Post # 1
Hey all! Going to try to make this short, as I have a little fur ball right by me. SO and I got a puppy a couple of days ago, and while he’s a big change, he’s great. Very friendly, brave, smart, and affectionate. While we’ve had a view accidents in the house (pee’s) he’s been really great about peeing and pooping right as we get him outside. However, we have a problem.
SO and I live in an apartment. It’s spacious and dog friendly yes, but still an apartment. That means we’re surrounded by other people that did not sign up for the issues of having a first puppy. For the past couple of nights the puppy has woken us up about 3 hours after going to bed. We fear he won’t make it outside, so we have a designated Pee Pad set up for when he needs to be in the middle of the night. However, the past two nights he has woken us up with whinning, he has NOT peed. We make it as boring of an experience as possible, so that he knows the ONLY reason we’re up is to help him pee. However, last night was the second night he whinned by didn’t pee.
We’re starting to think that he’s whinning to get attention and are worried that, if we continue letting him out to pee when he whines, he’ll continue doing it to get attention. The fact that he’s showed us TWICE that he can hold it through the night leads me to belive he just wants attention.
We have his crate in our room where he can see us. It’s soft with some fun toys and, during the day, he’ll go into his crate to play by himself, so we know he feels safe. We tried to ignore his cries to see if he’d calm himself down and know we’re not getting up to play, but he gets LOUD and there are people around us sleeping that I don’t want to disturb. But if we do let him out when he whines, we feel it’s training him to continue.
How do deal with whinning at night when you can’t let them “whine it out” because you live in an apartment and others to consider? Thanks, bees!
Post # 2
I know not the same but if it was a crying child, but if you were sleep training you would stick with it for the short term for the long term gain, regardless of the neighbors. Could you knock on your neighbors and explain it is just short term, maybe bring them some cookies or something so they know you are trying to be considerate?
Post # 3
My puppy is a year old now, but just stick to the taking him outside and putting him back in the crate afterwards. I know it’s a pain, but he will learn. If you keep doing the same thing over and over, he will get the routine. I don’t know if you use one particular word when you take him out, but you can try using a command like “go” or “potty” and try not to interact with him other than that. Also–think about picking up his water shortly after dinner, to help with need to go at all.
Post # 4
yourhandinmine : The fact that he’s showed us TWICE that he can hold it through the night leads me to belive he just wants attention.
I just don’t think this is true. Puppies are like children, their bladders are small and their ability to hold it in is limited. Just because he didn’t pee in the night two times doesn’t mean it was a big scheme made up for attention.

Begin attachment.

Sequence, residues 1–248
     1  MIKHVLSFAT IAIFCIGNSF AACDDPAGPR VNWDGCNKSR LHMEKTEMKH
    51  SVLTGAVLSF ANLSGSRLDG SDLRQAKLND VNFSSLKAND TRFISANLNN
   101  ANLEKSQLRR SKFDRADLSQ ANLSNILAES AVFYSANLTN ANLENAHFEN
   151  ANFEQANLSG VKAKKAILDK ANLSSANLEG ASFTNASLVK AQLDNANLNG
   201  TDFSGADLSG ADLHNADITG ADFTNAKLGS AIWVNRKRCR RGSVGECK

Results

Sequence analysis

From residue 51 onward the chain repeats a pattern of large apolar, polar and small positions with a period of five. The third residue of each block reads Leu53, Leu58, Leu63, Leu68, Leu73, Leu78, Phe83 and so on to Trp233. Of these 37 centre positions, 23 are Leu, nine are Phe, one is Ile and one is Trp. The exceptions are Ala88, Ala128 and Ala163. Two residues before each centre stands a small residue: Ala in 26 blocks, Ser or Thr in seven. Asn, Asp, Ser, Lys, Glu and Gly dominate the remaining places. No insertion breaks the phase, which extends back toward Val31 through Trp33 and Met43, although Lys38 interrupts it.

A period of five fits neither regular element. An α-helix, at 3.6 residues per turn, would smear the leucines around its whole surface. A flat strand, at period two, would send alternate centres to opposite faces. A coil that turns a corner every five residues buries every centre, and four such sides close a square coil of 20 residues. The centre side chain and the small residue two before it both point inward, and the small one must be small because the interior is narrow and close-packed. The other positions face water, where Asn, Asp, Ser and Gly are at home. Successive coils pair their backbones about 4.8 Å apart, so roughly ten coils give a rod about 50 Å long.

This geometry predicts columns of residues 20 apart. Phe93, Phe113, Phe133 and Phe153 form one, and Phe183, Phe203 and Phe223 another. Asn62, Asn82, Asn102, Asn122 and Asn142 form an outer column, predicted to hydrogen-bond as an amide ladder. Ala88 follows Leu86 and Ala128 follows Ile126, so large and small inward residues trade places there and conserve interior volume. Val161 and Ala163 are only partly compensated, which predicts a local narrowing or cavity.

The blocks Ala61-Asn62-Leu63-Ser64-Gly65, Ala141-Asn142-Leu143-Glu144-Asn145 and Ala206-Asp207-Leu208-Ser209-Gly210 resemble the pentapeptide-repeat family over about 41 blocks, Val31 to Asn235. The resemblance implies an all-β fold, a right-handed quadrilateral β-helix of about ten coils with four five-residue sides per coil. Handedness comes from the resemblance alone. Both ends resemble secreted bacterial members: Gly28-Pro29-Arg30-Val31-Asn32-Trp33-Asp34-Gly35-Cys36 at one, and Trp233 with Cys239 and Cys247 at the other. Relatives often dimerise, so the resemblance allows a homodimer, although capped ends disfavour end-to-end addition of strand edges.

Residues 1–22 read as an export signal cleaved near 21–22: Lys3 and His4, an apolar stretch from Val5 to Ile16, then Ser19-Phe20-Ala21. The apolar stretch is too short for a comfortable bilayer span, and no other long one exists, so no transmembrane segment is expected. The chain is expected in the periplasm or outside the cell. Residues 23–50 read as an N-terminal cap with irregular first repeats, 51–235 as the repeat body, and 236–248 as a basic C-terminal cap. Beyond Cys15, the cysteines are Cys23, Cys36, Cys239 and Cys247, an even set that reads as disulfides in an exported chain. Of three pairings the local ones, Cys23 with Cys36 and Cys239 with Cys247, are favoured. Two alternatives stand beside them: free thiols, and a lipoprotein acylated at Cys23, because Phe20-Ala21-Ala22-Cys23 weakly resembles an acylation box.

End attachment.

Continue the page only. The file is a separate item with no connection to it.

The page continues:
It is annoying but for a few weeks you are just going to have to bare with it. He won’t always go when you want him to and other times he will go when you don’t want him to. A few days isn’t enough to have a routine yet.
Post # 5
Thanks for the insight, bee’s! I do pull up his water 1.5 hours before we go to bed. SO and I just moved to a new city and he hasn’t started work yet (and I haven’t started looking yet) so all day we play with him tons in between his naps. Before bed, we play especially hard with him by getting him to change things, playing tugs, and mental games with his kong. So you all think we should still let him out to the pee pad when he whines? When we put him back in after he doesn’t pee to go back to bed, he still whines. SO as sat by his crate and will sometimes put his fingers in the cage for the puppy to lick, and that usually calms him down. I just worry if we keep waking up to his whines, it will start a habit of him whinning just to get out of the cage. Again, we make it super boring for him. Take him out, set him on the mat, say “potty” and don’t look at him. When he doesn’t do anything, we pick him back up and place him back in his crate.
Post # 6
Agree with PP, keep sticking it out. When he whines, get up, take him out or to the pee pad (no talking to him, no petting, no eye contact, no cuddles), give him a minute or two to pee, then back in the crate and ignore.
Does he get really loud after being taken out? Or does he settle?
Also make sure that he’s warm enough. We had a winter puppy and she got cold – remember that up until going home with you he slept in a puppy pile being warmed by the body heat of his siblings. Try wrapping a hot water bottle in a towel and putting that in with him – we found it helped with our winter puppy (who unfortunately we brought home during an extreme cold snap )
Post # 7
How old is your puppy?
If hes 8-12 weeks old he won’t be able to hold his bladddr overnight (even if he has shown you twice that he can – he’s in a crate, he doesn’t want to pee in a crate).
I advise you continue to let him out in the night to toilet. Continue making it boring. My puppy soon learned that if she cried in the night it was for toilet only and no play. Ensure you reward toileting outside though with a quick good boy and treat. Then no fuss back to bed.
Post # 8
Have you considered that keeping him in a crate at night might not be the right thing for him? He’s a baby. Even if he uses the crate when it’s open, that doesn’t mean he won’t feel lonely when he’s locked in all night. When we had a puppy, her dogbed was next to my mum’s bed and my mum would lie so her hand was near the edge and when our puppy woke up, she was able to reassure herself that all was well. As time went by, the dogbed was moved to a corner of the room. She was never allowed on the bed and after the first few weeks never tried to sneak in.